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Notes on Skin Sensitivity

Skin sensitivity is incredibly common. Not to be confused with sensitive skin, (a skin type, rather than a condition), sensitised skin occurs as the result of misusing, or overusing, badly-formulated skincare and beauty products that interfere with the skin’s acid mantle. Made up of a fine layer of sebum (oil), amino acids and sweat, the acid mantle forms a protective barrier over the skin’s outermost layer. When we use products containing harsh and stripping ingredients, we can damage the acid mantle and its vital function, leading to dull and problematic skin.

While sensitive skin and sensitised skin both share similar characteristics (inflammation, irritation, dryness and redness among them), sensitive skin is genetic, so it’s not necessarily something that can be changed, however, it can be well-managed with a simple skincare routine. Sensitised skin, on the other hand, is a skin condition. This means that while it may manifest in a comparable way to sensitive skin, its causes can be identified and treated.

Along with sensitivity, we may experience reactions to certain products. If you have redness, rashes, burning, stinging, itchiness, dryness or break-outs after using a certain product, it could signify dermatitis. Irritant contact dermatitis is the most common form and occurs when the skin comes into contact with a product it doesn’t agree with, usually appearing within a few minutes or hours. Allergic contact dermatitis, meanwhile, is a true allergic reaction to a product and will result in a much more severe reaction, typically flaring up 12 hours after exposure to the product and peaking at 48 hours after exposure.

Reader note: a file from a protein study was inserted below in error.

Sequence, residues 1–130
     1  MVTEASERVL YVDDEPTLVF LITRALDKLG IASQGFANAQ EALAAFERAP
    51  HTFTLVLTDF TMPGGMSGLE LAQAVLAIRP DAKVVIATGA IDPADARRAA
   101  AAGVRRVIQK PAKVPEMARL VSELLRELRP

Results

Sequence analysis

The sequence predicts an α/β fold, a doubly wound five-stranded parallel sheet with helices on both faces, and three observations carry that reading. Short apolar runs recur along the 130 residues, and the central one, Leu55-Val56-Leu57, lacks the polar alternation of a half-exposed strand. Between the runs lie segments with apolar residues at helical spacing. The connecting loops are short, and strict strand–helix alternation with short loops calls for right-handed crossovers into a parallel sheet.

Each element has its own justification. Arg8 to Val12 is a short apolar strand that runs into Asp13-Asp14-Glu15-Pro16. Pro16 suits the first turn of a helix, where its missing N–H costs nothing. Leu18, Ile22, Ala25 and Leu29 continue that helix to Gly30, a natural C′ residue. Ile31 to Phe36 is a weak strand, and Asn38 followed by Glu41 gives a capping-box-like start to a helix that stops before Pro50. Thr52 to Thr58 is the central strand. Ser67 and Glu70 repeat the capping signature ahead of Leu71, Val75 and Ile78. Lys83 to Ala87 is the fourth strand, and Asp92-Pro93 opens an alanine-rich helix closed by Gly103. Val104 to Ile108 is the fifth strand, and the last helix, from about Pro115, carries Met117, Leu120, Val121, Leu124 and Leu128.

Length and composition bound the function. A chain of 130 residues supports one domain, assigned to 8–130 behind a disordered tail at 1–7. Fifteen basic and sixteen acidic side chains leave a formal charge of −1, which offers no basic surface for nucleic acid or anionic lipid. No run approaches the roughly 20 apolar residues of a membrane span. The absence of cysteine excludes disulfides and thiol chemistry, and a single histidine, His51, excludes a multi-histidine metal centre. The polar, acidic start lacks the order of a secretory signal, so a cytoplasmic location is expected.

Below is an overview of how to reduce your risk of sensitivity and reaction when using a new product.


Avoid harsh ingredients

Avoid any harsh or stripping products, instead reach for soothing and hydrating ingredients made for sensitive complexions. Remove any products from your regime that contain sulphates (including sodium lauryl sulphate and sodium laureth sulphate) and alcohols (benzyl alcohol, SD alcohol, denatured alcoho, and isopropyl alcohol) that can rob the skin of its natural oils. Synthetic fragrances and some essential oils can also be potential irritants for sensitive skin types.


Don’t over exfoliate

Exfoliation is important for skin health but limit this to two to three times a week. Avoid abrasive physical exfoliator scrubs instead opting for chemical exfoliators as they gently encourage cell turnover without irritating the skin.


Follow a routine for sensitive skins

Everyone has a different level of tolerance to products but when we overdo it and our skin becomes sensitised it’s important to listen and pair back your routine to the essentials (oil cleanser, soothing serums, hydrating moisturisers and SPF) benching stronger actives and replacing with restorative ingredients. Look for products that are formulated with anti-inflammatory ingredients such as vitamin K, niacinamide, shea butter and squalane.


Introduce products one-by-one

When you’re adding to your existing routine, incorporate one product at a time (rather than overhauling everything at once). This will allow you to isolate any reaction and clearly understand the source.


Do a patch test

Apply a small amount of product to your neck ahead of applying it to your face. Generally speaking, the neck is slightly more delicate than the face, so this is a sound way to determine how well received the product will be by the face.


Consult a professional

If you’re experiencing severe reactions and lesions, pustules or flakiness occurs you should have your skin examined by a doctor to ensure a more severe condition isn’t at play which would require a tailored treatment plan.